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Case report

A Rare Case of Medullary Carcinoma of the Ileum


Medullary carcinoma of the small intestine is an exceedingly rare tumor. These tumors account for less than 0.04% of all colorectal cancers and only one case to date has been reported in the ileum. Although the clinical manifestations can be consistent with signs of intestinal obstruction, often times they are discovered incidentally in an asymptomatic patient. Major contributing risk factors to the development include long standing inflammation such as Crohn's disease, and other chronic inflammatory illnesses. Tumor markers and imaging can aid in the diagnosis, however biopsy is needed for definitive diagnosis. Despite the fact that the development of these tumors in the ileum is rare, further enhancement of awareness can aid in the appropriate early detection and appropriate treatment modalities.


Medullary carcinoma of the small intestine is a unique histopathological subtype of colorectal cancers whose underlying mechanism is unknown. The World Health Organization (WHO) recognized this rare condition as a separate entity in colorectal cancers in hopes to better specify treatment [1]. Medullary carcinoma of the colon is a rare neoplasm accounting for less than 0.04% of all colorectal cancers and only one case has been reported in the ileum, making the following case report exceptionally rare.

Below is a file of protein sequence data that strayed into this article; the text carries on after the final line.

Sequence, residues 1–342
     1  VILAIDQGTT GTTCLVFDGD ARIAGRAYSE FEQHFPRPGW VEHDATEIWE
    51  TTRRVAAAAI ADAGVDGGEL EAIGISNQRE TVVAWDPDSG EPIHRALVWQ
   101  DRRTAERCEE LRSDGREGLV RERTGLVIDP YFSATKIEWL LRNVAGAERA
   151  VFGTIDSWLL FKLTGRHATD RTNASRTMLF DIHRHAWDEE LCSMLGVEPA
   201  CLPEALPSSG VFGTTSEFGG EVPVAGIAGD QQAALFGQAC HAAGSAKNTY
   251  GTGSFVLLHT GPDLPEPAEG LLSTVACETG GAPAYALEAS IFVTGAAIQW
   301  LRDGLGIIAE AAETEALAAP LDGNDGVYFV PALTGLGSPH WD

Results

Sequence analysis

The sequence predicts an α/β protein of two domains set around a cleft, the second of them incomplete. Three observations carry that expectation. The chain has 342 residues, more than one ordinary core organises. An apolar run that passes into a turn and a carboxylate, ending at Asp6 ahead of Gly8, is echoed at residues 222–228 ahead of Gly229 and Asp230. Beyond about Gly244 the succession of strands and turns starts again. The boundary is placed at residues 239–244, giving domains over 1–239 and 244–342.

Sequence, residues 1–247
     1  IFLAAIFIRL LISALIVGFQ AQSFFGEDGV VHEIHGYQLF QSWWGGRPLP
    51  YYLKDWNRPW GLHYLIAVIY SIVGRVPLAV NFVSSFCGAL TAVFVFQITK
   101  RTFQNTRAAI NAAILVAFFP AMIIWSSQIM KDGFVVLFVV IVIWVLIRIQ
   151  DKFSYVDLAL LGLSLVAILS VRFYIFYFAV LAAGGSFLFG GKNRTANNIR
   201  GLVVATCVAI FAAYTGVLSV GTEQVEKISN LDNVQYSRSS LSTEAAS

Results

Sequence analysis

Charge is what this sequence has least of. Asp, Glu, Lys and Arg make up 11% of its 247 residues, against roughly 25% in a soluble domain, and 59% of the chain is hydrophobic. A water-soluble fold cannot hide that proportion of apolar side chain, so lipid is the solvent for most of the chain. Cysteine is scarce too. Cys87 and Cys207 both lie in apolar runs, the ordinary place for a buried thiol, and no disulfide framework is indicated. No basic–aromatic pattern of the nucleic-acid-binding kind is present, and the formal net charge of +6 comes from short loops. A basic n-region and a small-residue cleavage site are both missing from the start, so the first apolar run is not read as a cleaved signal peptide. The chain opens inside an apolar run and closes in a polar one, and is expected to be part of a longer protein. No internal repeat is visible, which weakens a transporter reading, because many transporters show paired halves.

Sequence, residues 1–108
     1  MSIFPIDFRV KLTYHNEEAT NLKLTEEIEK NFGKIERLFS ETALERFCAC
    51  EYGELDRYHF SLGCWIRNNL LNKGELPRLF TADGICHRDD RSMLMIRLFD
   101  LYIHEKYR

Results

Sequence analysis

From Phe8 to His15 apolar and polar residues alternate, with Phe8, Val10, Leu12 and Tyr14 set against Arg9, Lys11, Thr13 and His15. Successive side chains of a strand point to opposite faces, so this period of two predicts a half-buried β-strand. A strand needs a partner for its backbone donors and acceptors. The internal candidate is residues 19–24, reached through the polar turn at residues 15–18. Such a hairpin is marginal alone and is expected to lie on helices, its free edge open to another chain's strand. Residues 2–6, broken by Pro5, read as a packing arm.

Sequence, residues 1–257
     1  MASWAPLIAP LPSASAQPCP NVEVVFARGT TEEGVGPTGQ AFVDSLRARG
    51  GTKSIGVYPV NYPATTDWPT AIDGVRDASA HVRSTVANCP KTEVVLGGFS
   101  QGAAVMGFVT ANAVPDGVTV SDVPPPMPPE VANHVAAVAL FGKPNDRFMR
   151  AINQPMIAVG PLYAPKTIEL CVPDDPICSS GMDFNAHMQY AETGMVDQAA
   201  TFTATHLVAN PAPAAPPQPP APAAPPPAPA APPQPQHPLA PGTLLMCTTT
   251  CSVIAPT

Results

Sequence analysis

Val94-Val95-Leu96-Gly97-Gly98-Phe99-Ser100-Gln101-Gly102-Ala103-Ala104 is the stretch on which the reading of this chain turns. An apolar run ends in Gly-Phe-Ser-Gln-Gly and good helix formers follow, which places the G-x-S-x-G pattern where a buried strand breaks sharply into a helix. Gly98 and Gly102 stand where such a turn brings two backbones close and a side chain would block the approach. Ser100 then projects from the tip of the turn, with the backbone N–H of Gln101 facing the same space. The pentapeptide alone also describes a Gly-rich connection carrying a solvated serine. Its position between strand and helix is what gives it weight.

Case Presentation

A 70-year-old male with past medical history of psoriasis, diabetes mellitus, and hypertension, presented to the emergency department with diffuse, sharp, abdominal pain of four days duration. Physical exam was remarkable only for diffuse tenderness to palpation of abdomen, and mild abdominal distention. Laboratory data showed white blood cells (WBC) of 13.4 K/MCL (Normal 4–10 K/MCL), lipase 18 U/L (Normal 0–160 U/L). Colonoscopy performed two years ago was unremarkable. Computed tomography (CT) abdomen/pelvis showed intermediate grade small bowel obstruction, without evidence of any mass (Figure 1). Exploratory laparoscopy with ileal mass resection was performed. Upon gross examination of resected segment, a necrotic mass measuring 4.8 cm x 3.9 cm x 3.8 cm was visualized. Specimen pathology showed high-grade medullary carcinoma of the ileum with angiolymphatic invasion (Figure 2). The carcinoma invaded through the muscularis propia into the periileal adipose tissue (Figure 3). The tumor stage was pT3N0M0. Immunohistochemistry was positive for epithelial membrane antigen (EMA), and pancytokeratin. Ki-67 index was 80%. CDX-2, CD56 synaptophysin, and chromogranin were negative. The patient was treated with local excision and radiation therapy and instructed on appropriate follow-up. On follow-up, the patient was noted to be free of disease without any adjuvant therapy one year later.